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a woman standing with all of her care packages

Surviving Cancer with My “Online Friends”

Like many in my generation, I have “real” friends – people whom I’ve met in person — and “Facebook” friends – people with whom I’ve only spoken online. At the time of my bladder cancer diagnosis, I was a member of a private Facebook group with a dozen other like-minded Catholic moms. Most of us only knew each other online, but nonetheless, we shared intimate, personal information when we needed support and prayers. When I started noticing blood in my urine, they were the first ones I confided in.

They assured me it was probably nothing

All of them offered prayers and assured me it was probably nothing to be worried about. As women and mothers, we’re used to our bodies undergoing bizarre and rapid changes thanks to hormones, or pregnancy or breastfeeding. Blood in urine wasn’t normal, but there were seemingly hundreds of different explanations as to why I could be seeing it. They went through the reasons like a litany – UTI, kidney stone, a cyst. When I Googled my symptoms and mentioned offhandedly that it could be cancer, they reassured me. At my age, with my health history, cancer would be so unlikely.

They let me grieve and process the news

On the day of the cystoscopy, the group prayed during my appointment. After the urologist told me that the tumors growing on my bladder were almost certainly cancer, I logged onto Facebook while my husband drove us home in stunned silence. I told the group, and they were equally stunned. “What am I going to do?” I kept asking. “How am I going to tell my mom?” They let me grieve and process the news in a torrent of posts, and it was a blessing and a relief to tell someone – or several someones – who was removed from the situation, who could offer support and not be swallowed up in grief alongside me.

I had people who truly cared for me

Simply having a place to process the news was an incredible blessing. But over the next week, my “Facebook friends” managed to bless me even more. As I cried and researched and scheduled my TURBT surgery, unmarked packages from Amazon started trickling into my house – a cozy pair of socks, tea, face masks, and tiny toys and movies to keep the kids occupied while I cried. One day, I opened up a package and started cry-laughing: Inside was an enormous yellow plush in the shape of a bladder. Every single gift felt like a hug. Each time I filled up a mug with tea or put on my socks or cuddled up next to my stuffed bladder, I was reminded that I had people who truly cared for me.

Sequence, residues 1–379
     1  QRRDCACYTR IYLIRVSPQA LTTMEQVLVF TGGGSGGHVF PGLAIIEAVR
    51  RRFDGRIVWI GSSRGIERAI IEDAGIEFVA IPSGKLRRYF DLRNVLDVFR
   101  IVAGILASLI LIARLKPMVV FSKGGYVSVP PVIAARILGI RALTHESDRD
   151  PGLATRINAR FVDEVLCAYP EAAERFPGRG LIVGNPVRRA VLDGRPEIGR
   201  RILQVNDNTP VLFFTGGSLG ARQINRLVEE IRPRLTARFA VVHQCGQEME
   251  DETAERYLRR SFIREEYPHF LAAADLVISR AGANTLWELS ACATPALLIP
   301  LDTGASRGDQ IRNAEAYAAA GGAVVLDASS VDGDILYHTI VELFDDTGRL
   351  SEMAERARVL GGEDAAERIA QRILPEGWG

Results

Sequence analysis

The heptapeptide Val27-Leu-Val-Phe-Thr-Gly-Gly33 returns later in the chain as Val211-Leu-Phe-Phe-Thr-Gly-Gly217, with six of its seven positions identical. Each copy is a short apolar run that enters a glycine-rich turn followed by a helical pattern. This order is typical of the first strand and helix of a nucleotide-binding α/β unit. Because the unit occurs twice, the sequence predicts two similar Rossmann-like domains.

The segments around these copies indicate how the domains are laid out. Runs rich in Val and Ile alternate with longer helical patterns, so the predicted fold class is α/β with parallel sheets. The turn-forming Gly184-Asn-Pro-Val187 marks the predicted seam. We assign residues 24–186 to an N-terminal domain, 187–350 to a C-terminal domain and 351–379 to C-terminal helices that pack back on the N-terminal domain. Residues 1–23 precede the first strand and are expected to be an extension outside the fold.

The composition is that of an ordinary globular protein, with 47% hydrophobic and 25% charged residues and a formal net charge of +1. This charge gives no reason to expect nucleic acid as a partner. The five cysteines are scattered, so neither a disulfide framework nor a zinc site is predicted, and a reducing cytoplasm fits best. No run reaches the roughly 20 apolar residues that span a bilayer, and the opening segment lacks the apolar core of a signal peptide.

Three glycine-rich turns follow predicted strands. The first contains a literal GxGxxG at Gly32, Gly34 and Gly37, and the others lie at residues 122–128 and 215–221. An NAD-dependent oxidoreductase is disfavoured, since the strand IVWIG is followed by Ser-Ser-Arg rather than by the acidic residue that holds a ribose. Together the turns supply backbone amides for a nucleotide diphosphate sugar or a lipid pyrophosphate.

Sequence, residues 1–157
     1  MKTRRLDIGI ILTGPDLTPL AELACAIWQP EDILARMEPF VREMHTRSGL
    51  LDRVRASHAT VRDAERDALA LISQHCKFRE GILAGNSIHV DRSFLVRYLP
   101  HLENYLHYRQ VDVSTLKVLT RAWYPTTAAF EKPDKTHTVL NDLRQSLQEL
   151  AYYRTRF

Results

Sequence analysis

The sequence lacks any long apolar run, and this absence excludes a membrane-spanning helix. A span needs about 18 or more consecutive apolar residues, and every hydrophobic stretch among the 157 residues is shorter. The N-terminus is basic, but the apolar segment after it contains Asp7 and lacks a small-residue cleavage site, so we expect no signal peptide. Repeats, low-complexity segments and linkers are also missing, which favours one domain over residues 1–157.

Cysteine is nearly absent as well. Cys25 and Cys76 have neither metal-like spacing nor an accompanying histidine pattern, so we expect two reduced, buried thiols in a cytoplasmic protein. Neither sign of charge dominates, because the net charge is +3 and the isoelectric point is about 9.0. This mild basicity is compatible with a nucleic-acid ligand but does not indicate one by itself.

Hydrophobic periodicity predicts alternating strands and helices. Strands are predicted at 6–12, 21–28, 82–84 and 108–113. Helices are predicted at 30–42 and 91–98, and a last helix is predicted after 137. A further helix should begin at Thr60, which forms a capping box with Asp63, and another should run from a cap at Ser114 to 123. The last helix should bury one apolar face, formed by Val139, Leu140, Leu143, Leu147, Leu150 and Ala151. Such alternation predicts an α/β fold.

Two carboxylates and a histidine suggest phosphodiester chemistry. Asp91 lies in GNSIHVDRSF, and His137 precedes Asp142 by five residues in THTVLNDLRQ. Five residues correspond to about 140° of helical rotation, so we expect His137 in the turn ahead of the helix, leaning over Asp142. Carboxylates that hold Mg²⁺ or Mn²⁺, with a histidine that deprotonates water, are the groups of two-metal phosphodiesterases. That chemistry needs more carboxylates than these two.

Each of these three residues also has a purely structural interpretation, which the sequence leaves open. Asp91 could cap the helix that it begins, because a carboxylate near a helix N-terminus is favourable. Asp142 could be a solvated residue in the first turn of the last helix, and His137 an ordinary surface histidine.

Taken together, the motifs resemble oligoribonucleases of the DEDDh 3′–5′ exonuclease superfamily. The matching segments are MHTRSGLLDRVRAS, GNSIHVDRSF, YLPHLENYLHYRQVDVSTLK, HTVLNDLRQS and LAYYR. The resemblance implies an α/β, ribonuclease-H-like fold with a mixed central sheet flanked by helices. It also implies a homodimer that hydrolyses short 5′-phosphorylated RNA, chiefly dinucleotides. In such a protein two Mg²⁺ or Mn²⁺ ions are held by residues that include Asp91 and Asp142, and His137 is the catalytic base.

Lessons I learned through cancer

Cancer was already starting to reveal some things to me, like how bad my anxiety and depression really was, and how unhealthy my lifestyle had become. But surprisingly, it also revealed that I was rich in friendship, and how crucial that support would be in making my way through such an isolating disease. Whether they’re friends you know in real life or friends you “only” know online, having survived cancer I can tell you that the very best ones are those that will stand beside you in your hour of need.

This article represents the opinions, thoughts, and experiences of the author; none of this content has been paid for by any advertiser. The team does not recommend or endorse any products or treatments discussed herein. Learn more about how we maintain editorial integrity here.